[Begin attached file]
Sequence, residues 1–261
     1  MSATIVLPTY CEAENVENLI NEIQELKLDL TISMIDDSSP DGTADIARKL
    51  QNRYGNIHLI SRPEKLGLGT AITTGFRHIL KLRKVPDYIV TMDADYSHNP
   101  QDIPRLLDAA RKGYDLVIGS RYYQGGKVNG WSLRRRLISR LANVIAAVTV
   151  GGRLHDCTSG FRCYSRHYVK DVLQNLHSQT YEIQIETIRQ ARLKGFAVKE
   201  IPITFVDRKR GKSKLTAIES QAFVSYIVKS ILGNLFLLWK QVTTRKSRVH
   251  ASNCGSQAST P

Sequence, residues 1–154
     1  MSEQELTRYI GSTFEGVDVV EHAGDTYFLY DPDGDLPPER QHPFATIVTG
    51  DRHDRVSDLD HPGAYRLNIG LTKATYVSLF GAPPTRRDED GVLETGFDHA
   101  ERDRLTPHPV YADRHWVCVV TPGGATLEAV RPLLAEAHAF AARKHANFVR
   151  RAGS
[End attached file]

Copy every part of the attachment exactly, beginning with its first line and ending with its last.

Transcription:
Sequence, residues 1–261
     1  MSATIVLPTY CEAENVENLI NEIQELKLDL TISMIDDSSP DGTADIARKL
    51  QNRYGNIHLI SRPEKLGLGT AITTGFRHIL KLRKVPDYIV TMDADYSHNP
   101  QDIPRLLDAA RKGYDLVIGS RYYQGGKVNG WSLRRRLISR LANVIAAVTV
   151  GGRLHDCTSG FRCYSRHYVK DVLQNLHSQT YEIQIETIRQ ARLKGFAVKE
   201  IPITFVDRKR GKSKLTAIES QAFVSYIVKS ILGNLFLLWK QVTTRKSRVH
   251  ASNCGSQAST P

Sequence, residues 1–154
     1  MSEQELTRYI GSTFEGVDVV EHAGDTYFLY DPDGDLPPER QHPFATIVTG
    51  DRHDRVSDLD HPGAYRLNIG LTKATYVSLF GAPPTRRDED GVLETGFDHA
   101  ERDRLTPHPV YADRHWVCVV TPGGATLEAV RPLLAEAHAF AARKHANFVR
   151  RAGS